Hatches/patterns - The White Fly (Ephoron leukon) hatch is in full force. Use a White Wulff, #10-12. Other insect activity includes Blue Wing Olive (#18-24, early morning; spinner fall in evening, mainly during overcast days), Light Cahill (#12-14, evening), and Black caddis (#14-20, early morning & evening). Dont forget streamers (morning & evening), patterns to try include White Zonkers, Wooly Buggers, Muddlers, Micky Finn, Grey or Black Ghosts (#4-10). Also try brown crayfish like streamers, they are effective right now.
Lakes & Ponds- Summer trout anglers continue to find some fair to good trout action, with reports from East Twin Lake, Crystal Lake (Ellington), Colebrook Reservoir and Lake McDonough.

The Bayberry Lane State Boat Launch Groton is closed for renovations to December 31st.
Due to scheduled dam maintenance projects, drawdowns of Moodus Reservoir (Lower & Upper) and Rainbow Reservoir are scheduled to commence immediately after the Labor Day weekend (9/4 9/6). It is anticipated that the affected boat launches will be unusable by many trailer boats once planned drawdown depths are reached.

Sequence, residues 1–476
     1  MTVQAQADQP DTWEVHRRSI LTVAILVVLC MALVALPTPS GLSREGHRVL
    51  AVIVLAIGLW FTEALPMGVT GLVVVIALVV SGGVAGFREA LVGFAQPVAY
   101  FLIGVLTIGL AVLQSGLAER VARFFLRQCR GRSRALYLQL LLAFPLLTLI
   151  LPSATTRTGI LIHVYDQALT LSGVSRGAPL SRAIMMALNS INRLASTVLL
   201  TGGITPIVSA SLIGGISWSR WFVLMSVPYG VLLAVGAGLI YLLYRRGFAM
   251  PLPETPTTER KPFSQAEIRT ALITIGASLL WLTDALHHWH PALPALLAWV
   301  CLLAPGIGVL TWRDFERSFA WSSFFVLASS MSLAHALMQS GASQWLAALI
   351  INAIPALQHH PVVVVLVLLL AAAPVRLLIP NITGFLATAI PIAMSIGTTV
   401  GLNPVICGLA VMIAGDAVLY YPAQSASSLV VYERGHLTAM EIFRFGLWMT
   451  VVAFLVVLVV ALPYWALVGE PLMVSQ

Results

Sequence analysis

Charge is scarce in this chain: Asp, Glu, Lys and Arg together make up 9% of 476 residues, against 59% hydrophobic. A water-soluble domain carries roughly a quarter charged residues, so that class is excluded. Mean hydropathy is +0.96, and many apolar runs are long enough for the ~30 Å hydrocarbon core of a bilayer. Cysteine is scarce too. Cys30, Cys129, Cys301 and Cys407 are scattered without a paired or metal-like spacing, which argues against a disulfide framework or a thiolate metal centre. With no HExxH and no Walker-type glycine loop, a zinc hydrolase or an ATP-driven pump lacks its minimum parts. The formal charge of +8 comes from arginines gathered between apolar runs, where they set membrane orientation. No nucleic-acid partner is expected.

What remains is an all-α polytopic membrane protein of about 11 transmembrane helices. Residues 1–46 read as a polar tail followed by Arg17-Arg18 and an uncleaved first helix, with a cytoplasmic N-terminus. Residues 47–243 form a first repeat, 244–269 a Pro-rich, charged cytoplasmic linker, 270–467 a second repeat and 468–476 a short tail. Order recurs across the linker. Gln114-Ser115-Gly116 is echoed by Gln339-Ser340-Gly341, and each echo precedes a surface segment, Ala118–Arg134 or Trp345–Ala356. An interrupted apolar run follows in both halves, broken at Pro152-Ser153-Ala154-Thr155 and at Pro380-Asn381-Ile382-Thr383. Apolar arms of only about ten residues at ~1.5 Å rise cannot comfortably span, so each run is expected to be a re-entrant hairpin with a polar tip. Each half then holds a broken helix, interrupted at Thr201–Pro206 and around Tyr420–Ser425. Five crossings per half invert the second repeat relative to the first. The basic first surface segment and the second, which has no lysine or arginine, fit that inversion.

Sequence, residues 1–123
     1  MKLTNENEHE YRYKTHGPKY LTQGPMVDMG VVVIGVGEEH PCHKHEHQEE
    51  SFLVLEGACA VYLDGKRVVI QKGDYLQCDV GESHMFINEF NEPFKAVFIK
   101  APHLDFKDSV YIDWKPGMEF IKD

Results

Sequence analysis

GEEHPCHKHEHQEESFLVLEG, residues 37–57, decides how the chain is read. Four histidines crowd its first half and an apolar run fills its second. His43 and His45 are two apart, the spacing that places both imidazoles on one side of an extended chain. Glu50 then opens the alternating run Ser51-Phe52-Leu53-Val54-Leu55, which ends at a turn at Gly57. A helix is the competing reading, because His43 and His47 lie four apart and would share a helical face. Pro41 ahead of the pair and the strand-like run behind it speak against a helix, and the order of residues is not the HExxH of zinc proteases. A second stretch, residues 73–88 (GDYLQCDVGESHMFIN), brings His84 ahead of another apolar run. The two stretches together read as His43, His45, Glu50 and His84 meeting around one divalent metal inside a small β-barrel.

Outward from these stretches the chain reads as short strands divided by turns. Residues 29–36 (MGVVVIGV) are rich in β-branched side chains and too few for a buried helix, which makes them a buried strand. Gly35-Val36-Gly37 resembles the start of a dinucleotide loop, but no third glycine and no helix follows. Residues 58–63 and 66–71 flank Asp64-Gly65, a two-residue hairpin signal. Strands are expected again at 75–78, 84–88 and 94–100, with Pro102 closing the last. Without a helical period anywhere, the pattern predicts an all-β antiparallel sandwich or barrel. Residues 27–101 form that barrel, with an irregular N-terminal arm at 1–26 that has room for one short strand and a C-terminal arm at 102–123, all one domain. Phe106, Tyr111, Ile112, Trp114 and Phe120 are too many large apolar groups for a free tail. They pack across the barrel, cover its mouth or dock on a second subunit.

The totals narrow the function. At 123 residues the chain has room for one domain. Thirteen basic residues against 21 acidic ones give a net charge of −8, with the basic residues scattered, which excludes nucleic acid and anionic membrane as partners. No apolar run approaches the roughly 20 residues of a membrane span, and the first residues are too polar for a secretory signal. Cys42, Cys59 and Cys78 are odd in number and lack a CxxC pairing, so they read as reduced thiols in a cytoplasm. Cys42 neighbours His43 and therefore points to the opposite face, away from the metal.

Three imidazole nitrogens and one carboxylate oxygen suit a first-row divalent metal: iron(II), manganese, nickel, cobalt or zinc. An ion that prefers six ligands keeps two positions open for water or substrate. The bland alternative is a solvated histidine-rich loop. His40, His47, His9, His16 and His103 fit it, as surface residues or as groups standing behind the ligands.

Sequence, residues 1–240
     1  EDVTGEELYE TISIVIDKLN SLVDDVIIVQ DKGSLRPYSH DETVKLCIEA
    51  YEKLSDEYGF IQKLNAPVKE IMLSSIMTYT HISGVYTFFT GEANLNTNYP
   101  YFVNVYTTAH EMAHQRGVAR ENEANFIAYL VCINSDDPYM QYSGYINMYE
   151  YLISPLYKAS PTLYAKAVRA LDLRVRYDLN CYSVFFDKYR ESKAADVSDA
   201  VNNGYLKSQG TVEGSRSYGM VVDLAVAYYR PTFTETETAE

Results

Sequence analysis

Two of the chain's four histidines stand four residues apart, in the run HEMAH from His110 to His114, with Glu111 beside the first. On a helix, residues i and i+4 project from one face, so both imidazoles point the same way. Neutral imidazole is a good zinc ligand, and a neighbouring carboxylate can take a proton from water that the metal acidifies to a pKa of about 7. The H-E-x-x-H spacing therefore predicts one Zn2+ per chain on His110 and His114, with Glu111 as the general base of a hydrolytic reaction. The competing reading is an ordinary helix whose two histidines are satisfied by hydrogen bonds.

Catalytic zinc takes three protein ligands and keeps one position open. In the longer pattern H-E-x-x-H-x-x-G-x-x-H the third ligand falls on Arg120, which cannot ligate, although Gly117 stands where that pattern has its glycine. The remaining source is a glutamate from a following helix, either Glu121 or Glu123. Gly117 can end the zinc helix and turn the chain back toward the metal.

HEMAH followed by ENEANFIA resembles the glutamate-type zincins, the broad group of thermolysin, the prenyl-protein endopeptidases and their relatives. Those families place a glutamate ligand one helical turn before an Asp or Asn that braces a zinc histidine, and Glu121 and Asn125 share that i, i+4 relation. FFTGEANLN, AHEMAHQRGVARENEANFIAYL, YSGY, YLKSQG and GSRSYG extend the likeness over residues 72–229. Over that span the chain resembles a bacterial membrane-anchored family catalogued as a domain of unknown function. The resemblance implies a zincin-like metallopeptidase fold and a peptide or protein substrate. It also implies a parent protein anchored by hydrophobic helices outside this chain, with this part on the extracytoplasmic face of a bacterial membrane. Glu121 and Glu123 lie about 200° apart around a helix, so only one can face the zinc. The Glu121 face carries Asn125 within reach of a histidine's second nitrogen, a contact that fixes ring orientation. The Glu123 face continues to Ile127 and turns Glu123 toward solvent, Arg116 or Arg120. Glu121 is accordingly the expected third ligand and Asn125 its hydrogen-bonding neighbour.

2010 DEP Fishing Report Number 17, 8/11/2010

Small pike (under 30 inches) prefer water in the 67 to 72 degree range.

Bigger northerns favor cooler temperatures (50 to 55 degrees).

Pike movement is a function of cover and habitat used by prey species.

Dead bait accounts for more large pike in North America than any other bait or lure.

Forage that dies in the area rests on the bottom and can provide a food source when pike aren't aggressively seeking live targets.

Trophy-size northerns often scavenge dead fish off the bottom.

They can also display a fierce disposition to anything that invades their territory.

When using spoons, cast them into the shallows, retrieving them slowly with an occasional pause-pop-flutter action.

Red-and-white spoons with a silver metallic back or a yellow diamonds pattern are pike-catching patterns.

Add a trailer hook when using a spinnerbait.

Slug-Go-style minnow bodies offer alternatives for fishing within the top 3 feet of the water.

Black-and-silver or blue-and-silver are the most popular colors.

Dont neglect fly-fishing with big streamers. The results can be impressive.

2010 DEP Fishing Report Number 17, 8/11/2010

Reminder to anglers: The DEP has received multiple reports of sand tiger sharks being caught in Connecticut waters this summer and would like to remind fishermen that THE TAKE AND POSSESSION (regardless of where taken) OF MANY SPECIES OF SHARKS IS PROHIBITED IN CONNECTICUT.